Reliability and Validity of the Modified Vestibular Disorders Activities of Daily Living Scale in Older Adult Balance Examination

Ashley Berry
Jammie Hoberg
Tiffany Stevens
Kayla Taylor
Melissa Vetter
Theresa Raudsepp, George Fox University
Cindy Zablotny, George Fox University


•30-60% community dwelling older adults fall each year, which is the leading cause of injury, death, and traumatic hospital admissions in the elderly. This costs the U.S. health care system $20-30 billion per year.2 •Currently used older adult self-report measures demonstrate poor responsiveness, thus failing to detect a decline in function early enough for preventative physical therapy intervention.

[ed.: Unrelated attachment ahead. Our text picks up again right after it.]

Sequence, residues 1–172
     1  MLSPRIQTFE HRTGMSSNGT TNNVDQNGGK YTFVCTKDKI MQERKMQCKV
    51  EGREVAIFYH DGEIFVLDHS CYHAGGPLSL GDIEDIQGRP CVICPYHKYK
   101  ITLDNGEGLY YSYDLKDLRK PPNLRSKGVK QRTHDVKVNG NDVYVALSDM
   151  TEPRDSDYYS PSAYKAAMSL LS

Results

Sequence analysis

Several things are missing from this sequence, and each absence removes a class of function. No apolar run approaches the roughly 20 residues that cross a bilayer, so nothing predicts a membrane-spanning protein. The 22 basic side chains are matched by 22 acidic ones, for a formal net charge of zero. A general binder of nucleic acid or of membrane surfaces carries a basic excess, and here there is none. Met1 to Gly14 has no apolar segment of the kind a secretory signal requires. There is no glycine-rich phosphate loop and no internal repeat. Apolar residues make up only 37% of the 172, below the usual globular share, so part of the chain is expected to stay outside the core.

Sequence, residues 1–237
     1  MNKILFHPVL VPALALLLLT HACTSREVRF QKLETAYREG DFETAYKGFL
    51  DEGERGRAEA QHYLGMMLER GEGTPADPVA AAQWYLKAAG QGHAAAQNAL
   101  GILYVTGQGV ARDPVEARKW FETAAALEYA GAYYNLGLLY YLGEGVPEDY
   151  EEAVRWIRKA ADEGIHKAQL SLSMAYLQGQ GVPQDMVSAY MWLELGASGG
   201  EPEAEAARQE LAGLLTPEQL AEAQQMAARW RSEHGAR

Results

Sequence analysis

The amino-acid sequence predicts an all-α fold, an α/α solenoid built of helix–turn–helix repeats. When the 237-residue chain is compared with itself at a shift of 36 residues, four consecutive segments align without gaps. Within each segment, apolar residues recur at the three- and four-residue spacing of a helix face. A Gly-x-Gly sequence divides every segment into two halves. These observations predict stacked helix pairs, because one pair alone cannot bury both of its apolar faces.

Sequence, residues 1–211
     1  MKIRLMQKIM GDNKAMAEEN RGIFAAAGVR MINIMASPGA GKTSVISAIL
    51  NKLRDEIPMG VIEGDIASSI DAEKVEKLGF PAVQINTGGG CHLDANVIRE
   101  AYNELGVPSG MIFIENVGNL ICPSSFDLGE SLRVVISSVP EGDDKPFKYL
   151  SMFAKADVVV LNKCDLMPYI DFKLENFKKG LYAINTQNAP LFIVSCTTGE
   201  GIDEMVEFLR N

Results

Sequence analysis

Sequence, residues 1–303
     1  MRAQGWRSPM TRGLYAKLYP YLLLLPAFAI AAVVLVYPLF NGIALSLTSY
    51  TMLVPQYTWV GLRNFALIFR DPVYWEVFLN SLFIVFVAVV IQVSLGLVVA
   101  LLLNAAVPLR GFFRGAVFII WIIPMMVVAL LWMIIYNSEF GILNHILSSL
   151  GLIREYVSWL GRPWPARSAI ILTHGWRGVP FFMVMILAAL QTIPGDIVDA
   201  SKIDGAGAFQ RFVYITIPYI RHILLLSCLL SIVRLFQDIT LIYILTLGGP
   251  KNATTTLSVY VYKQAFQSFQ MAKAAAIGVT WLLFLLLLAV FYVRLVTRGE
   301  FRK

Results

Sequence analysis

•The Vestibular Activities of Daily Living Scale (VADL) is a self-report measure developed to determine activity & participation restrictions in patients with vestibular dysfunction. This scale clearly delineates important tasks and categories of independence, which would be applicable to the assessment of older adult fall risk and functional decline.

•The 10 independence rating categories of the VADL may enable physical therapists to detect functional changes on balance-related tasks and provide interventions to prevent falls and associated injuries in community-dwelling elders.

•Assessing some basic psychometric properties of a modified version of the VADL (m-VADL) to the examination of older adult balance is required before this tool can be used confidently in the clinic.